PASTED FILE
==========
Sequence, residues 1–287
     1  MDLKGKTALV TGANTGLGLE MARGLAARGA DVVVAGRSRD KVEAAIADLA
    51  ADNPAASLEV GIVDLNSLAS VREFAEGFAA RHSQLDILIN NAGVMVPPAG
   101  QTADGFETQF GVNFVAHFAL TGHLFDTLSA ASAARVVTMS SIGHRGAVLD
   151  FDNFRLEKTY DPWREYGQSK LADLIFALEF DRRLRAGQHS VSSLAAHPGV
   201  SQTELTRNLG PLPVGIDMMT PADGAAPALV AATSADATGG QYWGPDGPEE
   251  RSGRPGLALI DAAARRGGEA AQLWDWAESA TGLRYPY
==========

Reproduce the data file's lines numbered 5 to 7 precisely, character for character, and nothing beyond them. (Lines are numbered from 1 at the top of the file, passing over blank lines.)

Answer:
   151  FDNFRLEKTY DPWREYGQSK LADLIFALEF DRRLRAGQHS VSSLAAHPGV
   201  SQTELTRNLG PLPVGIDMMT PADGAAPALV AATSADATGG QYWGPDGPEE
   251  RSGRPGLALI DAAARRGGEA AQLWDWAESA TGLRYPY